Ed Lin: Ed will make you laugh as you count up the dead bodies. He has his most scrumptious Night Market mystery series based in Taiwan as well as his Robert Chow detective series set in New York Chinatown in the 1970s.
Henry Chang: New York Chinatown also is the focus of Henry’s Detective Jack Yu series. A short adapted film is currently in the works.
Ovidia Yu: Who can resist Aunty Lee, a proprietor of a Singaporean restaurant who solves crimes? Ovidia also pens a second series, a historial in 1936 Singapore.
Vivien Chen: Are puns your thing? Then you should check out Vivien’s Noodle Shop mysteries, which takes place in a Chinese restaurant in Ohio.
Joe Ide: Joe is a Japanese American who was raised in South L.A. His protagonist, IQ, is a young Black man and the dialogue is whip perfect.
Scott Kikkawa: A historical set in Hawai’i in the 1950s before the territory officially became an American state.
Notable mysteries: I don’t think the following Asian American authors would identify themselves as mystery writers, but their novels have been awarded or nominated for Edgar awards: Pulitizer-winning THE SYMPATHIZER (Viet Nguyen); THE FOREIGNER (Francie Lee); COUNTRY OF ORIGIN (Don Lee); and SOUTHLAND (Nina Revoyr).
Non-Asian mystery writers who write Asian protagonists: S.J. Rozan’s private detective Lydia Chin is a wonderful character. Her mother, who also lives in New York City, plays a big role in Lydia’s life and occasionally stars in her own short story.
FINAL LIGHTNING ROUND! These are meant to be super short answers, so please don’t put a lot of energy into them! They are mostly for fun 🙂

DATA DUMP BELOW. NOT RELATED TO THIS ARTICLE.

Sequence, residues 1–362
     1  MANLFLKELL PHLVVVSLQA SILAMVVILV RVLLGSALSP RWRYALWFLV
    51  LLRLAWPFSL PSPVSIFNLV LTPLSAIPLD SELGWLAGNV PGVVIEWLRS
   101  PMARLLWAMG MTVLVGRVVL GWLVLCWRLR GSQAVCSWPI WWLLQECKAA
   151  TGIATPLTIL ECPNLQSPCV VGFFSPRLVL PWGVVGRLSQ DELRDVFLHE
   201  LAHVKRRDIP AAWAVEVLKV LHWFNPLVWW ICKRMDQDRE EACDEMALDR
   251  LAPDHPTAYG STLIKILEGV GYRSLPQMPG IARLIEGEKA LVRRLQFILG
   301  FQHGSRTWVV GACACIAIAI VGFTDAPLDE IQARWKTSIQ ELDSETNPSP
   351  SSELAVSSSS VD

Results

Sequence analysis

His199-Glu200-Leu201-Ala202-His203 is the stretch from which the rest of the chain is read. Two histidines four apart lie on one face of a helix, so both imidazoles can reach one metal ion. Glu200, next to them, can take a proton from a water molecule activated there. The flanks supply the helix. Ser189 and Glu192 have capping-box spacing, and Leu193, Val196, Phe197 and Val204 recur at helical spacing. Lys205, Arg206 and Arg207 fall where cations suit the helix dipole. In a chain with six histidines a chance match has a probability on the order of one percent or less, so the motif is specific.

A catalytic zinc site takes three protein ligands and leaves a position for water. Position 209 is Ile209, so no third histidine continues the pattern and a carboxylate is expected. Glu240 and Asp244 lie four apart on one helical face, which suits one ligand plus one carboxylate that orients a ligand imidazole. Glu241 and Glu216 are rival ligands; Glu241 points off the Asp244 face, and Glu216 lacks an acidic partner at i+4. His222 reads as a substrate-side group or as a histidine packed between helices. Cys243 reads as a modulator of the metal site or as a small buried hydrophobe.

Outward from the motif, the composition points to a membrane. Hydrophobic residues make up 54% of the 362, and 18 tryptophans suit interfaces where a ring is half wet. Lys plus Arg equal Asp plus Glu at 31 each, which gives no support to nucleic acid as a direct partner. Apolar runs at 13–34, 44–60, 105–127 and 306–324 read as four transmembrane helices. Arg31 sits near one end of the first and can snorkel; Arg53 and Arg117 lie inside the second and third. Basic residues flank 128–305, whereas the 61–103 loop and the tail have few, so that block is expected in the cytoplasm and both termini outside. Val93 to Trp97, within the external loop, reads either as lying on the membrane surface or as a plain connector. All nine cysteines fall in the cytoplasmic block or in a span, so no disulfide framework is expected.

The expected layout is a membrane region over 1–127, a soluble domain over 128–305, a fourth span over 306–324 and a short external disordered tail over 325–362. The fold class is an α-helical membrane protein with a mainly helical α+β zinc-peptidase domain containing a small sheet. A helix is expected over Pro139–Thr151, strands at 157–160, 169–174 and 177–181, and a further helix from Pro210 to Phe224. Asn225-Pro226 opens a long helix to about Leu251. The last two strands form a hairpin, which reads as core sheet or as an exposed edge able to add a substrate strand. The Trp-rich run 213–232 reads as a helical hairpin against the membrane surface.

Favorite running shoes? Saucony’s ISO Peregrine Trail-Running Shoe
Favorite book as a child? All-of-a-Kind Family
Favorite traditional Hawaiian food dish/item? Chicken long rice
Favorite activity to do with family? Walk
Favorite restaurant in Southern California? Sakae Sushi in Gardena–they only offer take-out and most of it is vegetarian
Favorite mystery/thriller crime book from the past couple years? Tana French’s FAITHFUL PLACE. Tana is one of my favorite mystery writers and I’ve been trying to catch up with everything she’s written. (I’m still behind.)
About the Author
Naomi Hirahara is the Edgar Award-winning author of two mystery series set in Southern California. Her Mas Arai series, which features a Hiroshima survivor and Altadena gardener, ended with the publication of Hiroshima Boy in 2018. The books have been translated into Japanese, Korean and French. The first in her Officer Ellie Rush bicycle cop mystery series received the T. Jefferson Parker Mystery Award. Her new mystery set in Hawai’i, Iced in Paradise, was released in September 2019. She is currently working on Clark and Division, a historical mystery set in 1944 Chicago which will be published by Soho Crime in 2021. A former editor of The Rafu Shimpo newspaper, she has also published noir short stories, middle-grade fiction (1001 Cranes) and nonfiction history books. She born in Pasadena and currently lives there today. For more information, go to http://www.naomihirahara.com.
Find Naomi on: Website | Facebook | Instagram | Twitter
Has your TBR not exploded?! Because mine definitely has. Thank you Naomi for visiting the Pond, and for making me feel entirely at home with your books featuring characters that reflect my experience. This is something I have been personally looking for, for my entire life. So, thank you, thank you, thank you!